My name is Mell Green. I’m a 4-foot something black girl with a big voice from a small town in southern Illinois. I moved to Minnesota when I was just a couple years old and since then, have learned to embrace a very different part of the Midwest, even the ungodly winters. 

From radio djing at my university and owning a number of “high-tech” cameras to designing abstract graphics and hand-coding blogs saturated with satirical poetry, I’ve always been a digital girl in a digital world. If you knew me, then you knew that I was a lover of all things creative and way too online — and still today, not much has changed. When my responsibilities are few, I love to travel, drink a good brew (mostly on warm days), and scope street art, among other things. But of course, nothing compares to the joys of writing. I’ve sourced content for a number of online publications such as Plant People, Byrdie, Terpenes and Testing Magazines dedicated to covering all facets of alternative medicine including the medicinal cannabis movement. 

With more than 250 online articles published under my byline, certainly, getting here was hard and took some time and sacrifice. However, my time behind the keyboard working as a freelance writer for several years has taught me a lot about myself and life in general. One learned nugget of paramount importance is the desperate need for more women like me in media — for our culture’s sake. More trendy than virtuous, many spaces online have done very little (or nothing at all) to highlight the voices and stories of others of different races, ethnicities, and social identifications. But, instead of taking the backseat watching and wondering why, it’s refreshing to see a ton of other women like me working as the vehicle itself to shift the direction.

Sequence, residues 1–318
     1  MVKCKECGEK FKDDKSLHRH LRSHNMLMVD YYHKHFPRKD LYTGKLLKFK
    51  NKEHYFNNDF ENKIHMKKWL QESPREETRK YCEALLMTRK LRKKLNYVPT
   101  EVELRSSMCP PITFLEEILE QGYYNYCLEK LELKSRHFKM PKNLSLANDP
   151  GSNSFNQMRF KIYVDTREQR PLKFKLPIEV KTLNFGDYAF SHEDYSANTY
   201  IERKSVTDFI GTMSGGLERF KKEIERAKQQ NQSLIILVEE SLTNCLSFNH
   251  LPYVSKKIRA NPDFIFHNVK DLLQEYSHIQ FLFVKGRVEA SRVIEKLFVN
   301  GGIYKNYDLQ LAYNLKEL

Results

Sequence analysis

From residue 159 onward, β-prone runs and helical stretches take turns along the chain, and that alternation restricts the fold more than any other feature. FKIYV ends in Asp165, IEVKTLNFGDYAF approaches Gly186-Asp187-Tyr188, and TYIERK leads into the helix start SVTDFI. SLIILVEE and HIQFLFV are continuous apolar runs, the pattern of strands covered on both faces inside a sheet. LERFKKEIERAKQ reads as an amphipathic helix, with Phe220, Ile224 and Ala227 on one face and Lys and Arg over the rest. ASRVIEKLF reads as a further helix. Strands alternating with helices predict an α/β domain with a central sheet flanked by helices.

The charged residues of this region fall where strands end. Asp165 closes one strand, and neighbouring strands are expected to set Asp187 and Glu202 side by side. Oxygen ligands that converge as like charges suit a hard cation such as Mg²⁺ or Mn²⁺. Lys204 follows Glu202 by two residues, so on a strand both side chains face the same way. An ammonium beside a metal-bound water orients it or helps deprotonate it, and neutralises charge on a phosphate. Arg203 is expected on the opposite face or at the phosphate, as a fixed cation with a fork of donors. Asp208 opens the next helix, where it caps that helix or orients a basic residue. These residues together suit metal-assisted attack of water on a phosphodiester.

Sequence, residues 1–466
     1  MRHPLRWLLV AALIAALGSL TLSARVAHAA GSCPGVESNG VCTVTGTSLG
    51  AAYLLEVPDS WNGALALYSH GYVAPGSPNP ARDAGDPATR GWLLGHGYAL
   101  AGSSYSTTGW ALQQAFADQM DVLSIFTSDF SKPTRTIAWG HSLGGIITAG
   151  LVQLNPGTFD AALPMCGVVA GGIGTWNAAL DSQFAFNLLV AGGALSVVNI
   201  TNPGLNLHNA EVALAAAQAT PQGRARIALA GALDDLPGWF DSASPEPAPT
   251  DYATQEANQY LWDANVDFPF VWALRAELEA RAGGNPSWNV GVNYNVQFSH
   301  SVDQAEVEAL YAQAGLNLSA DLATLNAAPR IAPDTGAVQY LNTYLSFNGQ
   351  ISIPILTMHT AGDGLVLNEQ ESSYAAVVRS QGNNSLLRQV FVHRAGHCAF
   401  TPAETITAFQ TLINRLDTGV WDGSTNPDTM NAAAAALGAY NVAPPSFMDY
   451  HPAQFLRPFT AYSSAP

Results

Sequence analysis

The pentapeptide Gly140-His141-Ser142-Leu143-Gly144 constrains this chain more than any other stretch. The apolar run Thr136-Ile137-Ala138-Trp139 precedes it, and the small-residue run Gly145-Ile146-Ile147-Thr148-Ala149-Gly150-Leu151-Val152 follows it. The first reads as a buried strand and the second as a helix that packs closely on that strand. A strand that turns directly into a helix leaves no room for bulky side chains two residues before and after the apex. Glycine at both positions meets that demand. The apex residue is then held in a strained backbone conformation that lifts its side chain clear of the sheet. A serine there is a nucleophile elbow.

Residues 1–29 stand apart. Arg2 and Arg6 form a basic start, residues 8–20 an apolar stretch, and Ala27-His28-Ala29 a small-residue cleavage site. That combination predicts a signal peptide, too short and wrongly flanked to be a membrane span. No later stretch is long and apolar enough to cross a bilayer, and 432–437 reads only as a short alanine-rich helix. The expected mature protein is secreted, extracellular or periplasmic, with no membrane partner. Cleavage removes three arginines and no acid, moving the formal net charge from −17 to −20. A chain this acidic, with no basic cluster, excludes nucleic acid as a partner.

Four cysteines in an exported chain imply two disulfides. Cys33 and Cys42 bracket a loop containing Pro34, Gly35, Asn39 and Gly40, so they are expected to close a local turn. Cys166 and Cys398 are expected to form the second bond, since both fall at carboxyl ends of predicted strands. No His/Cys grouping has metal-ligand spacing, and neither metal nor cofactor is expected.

“I’ve always been a digital girl in a digital world.”

Living in more mechanized times than the one my mother grew up in, as I look at the impact of online media, I believe there’s much to be optimistic about as it continues to grow and extend our capabilities as human beings. Though I’ve long been without sympathetic co-workers or an HR-rep to lean on, I get to escape the typical confinements of the white-collar workforce and reap the benefit of everything it often lacks: flexibility, creativity, and autonomy — all of which have solidified my realization that my value and passion lies in my ability to share my ideas and experiences using words. In my perspective, all the world’s a stage, especially when you have something to say. 

Along with the other amazing women a part of the DRK Beauty team, I hope that I can inspire someone else to do the same in their own unique way. Cliché for me to say? Maybe. Necessary? Oh, 100% — that’s how we create (real) change. Feel free to check out more of my creative works here. You can also feel free to email me at greenmell [at] gmail [dot] com for unsolicited advice er, whatever. Much love, xoxo!

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